Segregation of Duties (SoD) is an important principle of internal control, financial reporting, and compliance regulations, including the Sarbanes-Oxley Act (SOX). It is an integral part of an efficient control system. The overall efficacy of the internal control measures of an organization’s management primarily depends on the Segregation of Duties. Proper SoD is essential for successful internal controls.
The basic principle behind SoD is that in the usual course of their duties, an individual or a group of employees should not be in a position to perpetrate and hide errors for fraud. The key incompatible duties to be separated are generally:
• The custody of assets
• Authorization of relevant and related transactions affecting those assets
• The documentation and reporting of the related transactions
Traditional internal control systems depend on assigning such roles or segregating conflicting tasks to different persons. The general principle of SAP SoD is to prevent one person from having both access to assets and responsibility for holding those assets accountable.
Why Does SoD Matter?
SoD helps reduce the risk and likelihood of an entity not achieving its objectives, providing accurate financial data, and complying with the laws and established policies. Administrative or other recording errors cannot be identified promptly because an independent/objective analysis of transactions may not occur or unacceptable, or illegal (fraudulent) transactions may occur when one person manages a large portion of the income, expenditure, payroll, or other functions.
Legacy ERP software that manages all business processes of organizations also allows Segregation of Duties (for example, SAP SoD).
SOX and other regulatory concerns (GDPR, CCPA, and others) are pushing businesses to raise awareness and transparency about their employees’ activities. This is where things such as SAP SoD come into the picture. Recent privacy legislation and the prosecution of security breaches introduce new responsibility to track and regulate security and data access within organizations.
Inadequate division of duties could complicate the prevention, identification, and prosecution of fraud, which could potentially lead to false financial statements, regulatory fines, harm to the reputation of the company, and diminished investor confidence.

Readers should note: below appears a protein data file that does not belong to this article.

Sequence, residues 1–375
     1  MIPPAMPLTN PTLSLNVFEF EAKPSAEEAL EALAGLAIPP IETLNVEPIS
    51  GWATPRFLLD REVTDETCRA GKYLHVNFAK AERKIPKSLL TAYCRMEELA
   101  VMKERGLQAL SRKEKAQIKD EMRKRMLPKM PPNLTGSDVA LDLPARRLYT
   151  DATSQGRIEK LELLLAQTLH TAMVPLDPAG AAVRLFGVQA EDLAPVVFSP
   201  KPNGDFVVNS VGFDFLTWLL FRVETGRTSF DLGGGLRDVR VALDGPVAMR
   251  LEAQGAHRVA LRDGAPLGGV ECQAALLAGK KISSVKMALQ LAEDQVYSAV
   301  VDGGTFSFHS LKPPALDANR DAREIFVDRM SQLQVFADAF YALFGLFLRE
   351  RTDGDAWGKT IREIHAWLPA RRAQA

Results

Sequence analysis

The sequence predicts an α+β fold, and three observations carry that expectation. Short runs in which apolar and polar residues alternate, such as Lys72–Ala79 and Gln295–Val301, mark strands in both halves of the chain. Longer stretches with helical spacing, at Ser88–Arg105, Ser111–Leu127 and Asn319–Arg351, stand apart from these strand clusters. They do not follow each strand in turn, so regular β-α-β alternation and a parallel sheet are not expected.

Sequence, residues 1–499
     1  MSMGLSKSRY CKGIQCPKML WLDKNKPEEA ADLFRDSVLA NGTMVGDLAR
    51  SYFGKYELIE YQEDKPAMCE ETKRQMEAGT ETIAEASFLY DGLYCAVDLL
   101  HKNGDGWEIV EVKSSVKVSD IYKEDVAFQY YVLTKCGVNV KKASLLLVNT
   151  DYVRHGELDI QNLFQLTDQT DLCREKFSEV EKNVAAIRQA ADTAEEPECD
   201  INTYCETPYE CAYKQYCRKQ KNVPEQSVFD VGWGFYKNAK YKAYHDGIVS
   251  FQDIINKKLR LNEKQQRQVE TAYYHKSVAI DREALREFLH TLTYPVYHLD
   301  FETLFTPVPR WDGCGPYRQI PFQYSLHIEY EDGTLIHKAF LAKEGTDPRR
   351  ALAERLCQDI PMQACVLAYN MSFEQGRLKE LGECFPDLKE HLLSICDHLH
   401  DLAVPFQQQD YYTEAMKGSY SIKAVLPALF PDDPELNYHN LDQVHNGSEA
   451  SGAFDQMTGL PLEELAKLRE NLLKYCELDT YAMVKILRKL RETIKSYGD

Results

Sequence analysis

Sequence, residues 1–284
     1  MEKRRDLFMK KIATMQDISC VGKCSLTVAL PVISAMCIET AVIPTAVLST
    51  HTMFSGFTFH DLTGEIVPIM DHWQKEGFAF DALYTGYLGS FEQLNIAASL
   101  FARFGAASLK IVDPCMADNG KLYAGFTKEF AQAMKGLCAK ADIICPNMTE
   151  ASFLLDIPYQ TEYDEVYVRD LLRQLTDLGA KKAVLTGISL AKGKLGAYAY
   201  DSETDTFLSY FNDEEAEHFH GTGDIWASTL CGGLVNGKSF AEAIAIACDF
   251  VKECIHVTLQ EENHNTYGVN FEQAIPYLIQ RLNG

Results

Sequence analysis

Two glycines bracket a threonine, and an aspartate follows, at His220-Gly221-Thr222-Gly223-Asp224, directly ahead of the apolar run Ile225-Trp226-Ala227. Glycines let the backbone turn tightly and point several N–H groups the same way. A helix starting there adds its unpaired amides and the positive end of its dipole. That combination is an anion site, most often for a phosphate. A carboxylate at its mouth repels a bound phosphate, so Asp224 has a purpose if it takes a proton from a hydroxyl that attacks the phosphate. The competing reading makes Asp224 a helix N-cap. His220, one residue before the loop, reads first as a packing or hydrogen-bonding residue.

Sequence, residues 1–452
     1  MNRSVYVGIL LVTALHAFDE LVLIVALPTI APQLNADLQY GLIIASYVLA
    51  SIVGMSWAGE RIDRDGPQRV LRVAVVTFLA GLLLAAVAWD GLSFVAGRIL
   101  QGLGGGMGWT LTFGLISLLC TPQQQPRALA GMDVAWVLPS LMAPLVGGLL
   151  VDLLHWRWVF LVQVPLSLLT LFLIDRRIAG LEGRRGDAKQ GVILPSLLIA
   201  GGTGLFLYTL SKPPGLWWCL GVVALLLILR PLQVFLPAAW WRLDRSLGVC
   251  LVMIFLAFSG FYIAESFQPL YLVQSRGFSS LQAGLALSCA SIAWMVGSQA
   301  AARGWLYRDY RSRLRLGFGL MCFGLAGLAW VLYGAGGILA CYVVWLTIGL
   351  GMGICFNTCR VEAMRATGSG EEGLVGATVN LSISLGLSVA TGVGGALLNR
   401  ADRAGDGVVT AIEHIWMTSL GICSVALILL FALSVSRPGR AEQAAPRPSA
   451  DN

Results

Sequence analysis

There is also the possibility of asset misappropriation, involving third parties or workers of a company who misuse their role to profit from it through fraudulent conduct.
If internal controls cannot be counted on, this provides the case for the rigorous monitoring by internal audit and the external auditor, which may inflict on the company additional costs. More severe results may lead to an external auditor’s determination that the firm has a major shortcoming or material deficiency.
Finally, if SoDs are not present, it poses the question of whether the information and data collected is accurate, error-free or may suggest that there is a material mistake. As a result, the auditor can increase the sample sizes, lower the threshold for substantive testing, or increase overall audit procedures.
SoDs should be in line with the scale and scope, and overall risk of the activities and financial reporting environment of an organization. It is critical that the risks to the company always be addressed first. Businesses continue to rely on IT, further making SoDs relevant in efforts to minimize fraud and improve overall performance. Controls to compensate/mitigate can exist to reduce the risks arising from a lack of sufficient Segregation of Duties. These checks include audit trails, compliance assessments, reconciliations, and transaction logs.